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I see this question on EE but reading those I am not sure they answer what I am asking here.

This is the problem. I am designing an audio device that is powered by an external 15VDC adapter. This external adapter wall plug have two pins. No ground connection to the AC outlet. The output of this adapter has two wires, positive and negative.

Internally, my device is receiving this 15VDC and creating a virtual ground, that is 7.5V, 0V and -7.5V.

This is an audio device and it has an amplifier, so I will have shield cables all over the place, from the volume potentiometer to the PCB, from the input/output connections to the PCB and so one.

Like I said, this device has no ground wire connected to the AC power outlet but I need the metal case to act as a RF shield, to prevent hum.

How should I proceed in terms of wiring? I mean, I have all these cable shields. Should I connect all the cable shields to the metal case? Should the metal case be connected to the internal 0V?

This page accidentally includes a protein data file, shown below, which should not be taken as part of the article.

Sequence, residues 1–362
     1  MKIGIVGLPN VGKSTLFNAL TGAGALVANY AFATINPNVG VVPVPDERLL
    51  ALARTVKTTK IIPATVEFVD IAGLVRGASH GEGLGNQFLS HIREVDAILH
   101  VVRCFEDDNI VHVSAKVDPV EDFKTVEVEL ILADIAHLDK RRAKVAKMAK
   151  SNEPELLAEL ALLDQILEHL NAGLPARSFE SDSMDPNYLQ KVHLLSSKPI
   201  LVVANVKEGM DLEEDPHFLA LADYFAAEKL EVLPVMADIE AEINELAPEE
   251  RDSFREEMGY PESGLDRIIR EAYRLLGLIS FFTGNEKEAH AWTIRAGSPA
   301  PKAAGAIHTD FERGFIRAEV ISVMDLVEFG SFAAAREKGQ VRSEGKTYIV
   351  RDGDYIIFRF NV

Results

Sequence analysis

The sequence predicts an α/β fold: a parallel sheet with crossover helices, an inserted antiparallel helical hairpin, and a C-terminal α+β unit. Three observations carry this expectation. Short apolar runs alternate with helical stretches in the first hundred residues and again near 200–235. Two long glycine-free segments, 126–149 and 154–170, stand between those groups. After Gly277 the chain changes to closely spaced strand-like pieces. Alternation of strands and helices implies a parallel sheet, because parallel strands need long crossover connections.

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You seem to be lucky. Many power adapters have protective earth pin of the mains plug in use and it's directly connected to the DC output. The result: horrible ground loop hum if it's a part of an audio system which uses non-balanced signals. The phenomena really stretches the nerves of people who try to use a PC as a part of a bigger audio system.

Your audio equipment probably has an audio input. Connect your metal case to the signal ground of that input and do not allow any other circuit points in your equipment make any electric contact with the case.

Shielded internal cables: If a shield is not a signal path, it can well be connected to the local ground of the carried signal. Let the other end of the shield be free to avoid local ground loops. If the shield carries signal, it shouldn't be connected to anything else. if you have several uninsulated shields, which do not carry signals, your best bet is to insulate them and connect to the groundpoint of the carried signal. If you cannot insulate them and they make contact with the case, connect them firmly to the case to avoid microphonicity.

If possible, do not allow the case make any contact with concrete floor or other audio equipment.

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